The Veterans Resource Center at UW Bothell was created after student veterans indicated they wanted a space designated for themselves.

Bothell voters approve public safety ballot measures

As of election night on Nov. 6, both the levy and bond were passing.

Democrats lead in 46th Legislative District

Voters are sending David Frockt, Gerry Pollet and Javier Valdez back to Olympia.

Democrats lead in 1st Legislative District

Derek Stanford and Shelley Kloba were successful in their re-election bids.

DelBene leads in 1st Congressional District in early returns

As of election night, incumbent Suzan DelBene was leading with 69 percent of the vote, to Jeffrey Beeler’s 31 percent.

UW Bothell Student Veterans Services held an Open House and Coffee event during this year’s Welcome Week and remains the main arm in helping veterans. The new resource center adds to this support. Photo courtesy of Marc Studer, UW Bothell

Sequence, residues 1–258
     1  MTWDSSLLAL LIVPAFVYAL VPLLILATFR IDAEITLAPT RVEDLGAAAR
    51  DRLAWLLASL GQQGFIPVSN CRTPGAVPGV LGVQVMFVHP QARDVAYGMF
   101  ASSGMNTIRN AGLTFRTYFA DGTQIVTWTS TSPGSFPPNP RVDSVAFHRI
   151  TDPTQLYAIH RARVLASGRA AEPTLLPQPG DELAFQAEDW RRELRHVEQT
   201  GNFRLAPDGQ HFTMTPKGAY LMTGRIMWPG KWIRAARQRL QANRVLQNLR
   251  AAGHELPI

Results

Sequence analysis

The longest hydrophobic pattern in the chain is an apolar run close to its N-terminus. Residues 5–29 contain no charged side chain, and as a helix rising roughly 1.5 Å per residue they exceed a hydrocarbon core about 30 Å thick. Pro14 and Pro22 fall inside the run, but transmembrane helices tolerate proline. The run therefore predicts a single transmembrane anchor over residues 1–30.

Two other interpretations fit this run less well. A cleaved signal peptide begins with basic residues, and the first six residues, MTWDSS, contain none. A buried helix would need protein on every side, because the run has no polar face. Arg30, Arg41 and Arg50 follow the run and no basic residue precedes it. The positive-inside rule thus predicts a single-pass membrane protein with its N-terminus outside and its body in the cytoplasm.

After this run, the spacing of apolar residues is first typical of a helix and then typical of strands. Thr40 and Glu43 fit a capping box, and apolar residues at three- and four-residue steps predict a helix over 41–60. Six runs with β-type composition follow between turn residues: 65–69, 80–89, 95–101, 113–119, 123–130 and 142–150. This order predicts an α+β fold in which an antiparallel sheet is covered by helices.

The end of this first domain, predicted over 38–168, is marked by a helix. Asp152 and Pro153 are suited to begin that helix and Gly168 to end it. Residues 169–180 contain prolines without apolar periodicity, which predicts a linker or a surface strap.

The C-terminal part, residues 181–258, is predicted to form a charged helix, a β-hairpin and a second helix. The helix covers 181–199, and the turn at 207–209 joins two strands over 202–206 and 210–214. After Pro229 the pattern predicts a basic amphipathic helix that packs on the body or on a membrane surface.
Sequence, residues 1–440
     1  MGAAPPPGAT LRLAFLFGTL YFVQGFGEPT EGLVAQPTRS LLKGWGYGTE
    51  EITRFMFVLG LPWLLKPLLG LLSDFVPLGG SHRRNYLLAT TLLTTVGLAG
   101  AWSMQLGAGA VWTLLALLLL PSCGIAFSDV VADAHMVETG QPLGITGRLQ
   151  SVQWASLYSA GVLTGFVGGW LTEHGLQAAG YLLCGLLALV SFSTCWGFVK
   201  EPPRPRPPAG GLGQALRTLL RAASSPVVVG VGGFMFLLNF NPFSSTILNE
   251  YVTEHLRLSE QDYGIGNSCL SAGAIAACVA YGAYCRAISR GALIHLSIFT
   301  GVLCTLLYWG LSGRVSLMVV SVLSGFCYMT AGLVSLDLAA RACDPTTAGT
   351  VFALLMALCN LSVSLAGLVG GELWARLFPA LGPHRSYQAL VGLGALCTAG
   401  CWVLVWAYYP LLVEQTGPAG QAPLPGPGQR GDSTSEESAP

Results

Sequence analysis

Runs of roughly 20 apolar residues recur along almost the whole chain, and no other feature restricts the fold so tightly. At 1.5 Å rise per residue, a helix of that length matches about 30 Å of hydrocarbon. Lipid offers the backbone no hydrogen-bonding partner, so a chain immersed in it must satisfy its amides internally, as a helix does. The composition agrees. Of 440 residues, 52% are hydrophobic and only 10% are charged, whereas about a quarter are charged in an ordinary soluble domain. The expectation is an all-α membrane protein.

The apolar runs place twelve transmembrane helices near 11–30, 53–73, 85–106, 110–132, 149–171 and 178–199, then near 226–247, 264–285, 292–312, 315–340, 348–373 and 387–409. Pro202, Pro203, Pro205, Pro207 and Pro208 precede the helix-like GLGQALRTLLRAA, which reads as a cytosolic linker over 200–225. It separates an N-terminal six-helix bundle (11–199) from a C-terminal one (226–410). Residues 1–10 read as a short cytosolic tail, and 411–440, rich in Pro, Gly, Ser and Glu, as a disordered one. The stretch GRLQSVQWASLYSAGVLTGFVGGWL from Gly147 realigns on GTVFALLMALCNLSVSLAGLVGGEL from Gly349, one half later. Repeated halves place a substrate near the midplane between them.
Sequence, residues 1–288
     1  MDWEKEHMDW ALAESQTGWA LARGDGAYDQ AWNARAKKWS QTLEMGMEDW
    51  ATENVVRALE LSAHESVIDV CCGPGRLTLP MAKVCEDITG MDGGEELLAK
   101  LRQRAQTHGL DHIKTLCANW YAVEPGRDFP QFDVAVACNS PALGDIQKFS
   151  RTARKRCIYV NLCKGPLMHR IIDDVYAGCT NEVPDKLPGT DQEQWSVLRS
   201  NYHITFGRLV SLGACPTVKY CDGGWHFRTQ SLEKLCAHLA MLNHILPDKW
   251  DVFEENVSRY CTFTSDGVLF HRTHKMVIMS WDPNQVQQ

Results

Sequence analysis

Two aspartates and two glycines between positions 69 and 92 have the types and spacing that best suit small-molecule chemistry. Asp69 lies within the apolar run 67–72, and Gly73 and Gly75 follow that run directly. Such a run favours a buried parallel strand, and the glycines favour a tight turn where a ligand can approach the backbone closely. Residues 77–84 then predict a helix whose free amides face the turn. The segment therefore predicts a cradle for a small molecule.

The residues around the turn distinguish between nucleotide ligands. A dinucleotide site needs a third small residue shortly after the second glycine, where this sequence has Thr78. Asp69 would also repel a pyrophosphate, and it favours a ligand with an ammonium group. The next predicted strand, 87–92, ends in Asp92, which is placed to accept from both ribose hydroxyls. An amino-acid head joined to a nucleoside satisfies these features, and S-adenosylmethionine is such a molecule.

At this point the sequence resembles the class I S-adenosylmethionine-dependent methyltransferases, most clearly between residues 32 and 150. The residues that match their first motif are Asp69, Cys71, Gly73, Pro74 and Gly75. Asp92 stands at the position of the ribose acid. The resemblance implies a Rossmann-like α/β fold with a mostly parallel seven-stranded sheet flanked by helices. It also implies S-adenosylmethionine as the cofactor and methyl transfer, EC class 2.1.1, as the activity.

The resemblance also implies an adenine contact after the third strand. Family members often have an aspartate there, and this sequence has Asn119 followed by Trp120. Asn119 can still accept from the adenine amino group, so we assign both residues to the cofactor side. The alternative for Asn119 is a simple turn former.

UW Bothell opens new veterans resource center on campus

The new Veteran Resource Center is designed to connect veterans and build relationships.

In Kenmore, the SMP applies to Lake Washington, Sammamish River, and Swamp Creek and associated wetlands. Bothell’s SMP, which was last updated in 2013, also governs development next to the Sammamish River (pictured) and Swamp Creek, along with North Creek. Photo courtesy of Mark Hussein
Bothell, Kenmore look to protect shorelines

Shoreline master programs protect and restore valuable aquatic resources for future generations.

Ashe joins Bothell as new economic development manager

She will work cooperatively with both long-time and future business owners in the city.

Said Farzad reportedly called in numerous bomb threats to state agency offices in Olympia. No bombs have been found, but the state agencies are increasing police presence and bomb-sniffing dogs. Reporter File Photo
Suspended psychiatrist suspected of making bomb threats

The suspect was previously convicted of telephone harassment of a Bothell insurance company and has reportedly called in numerous threats from various countries. No bombs have been found.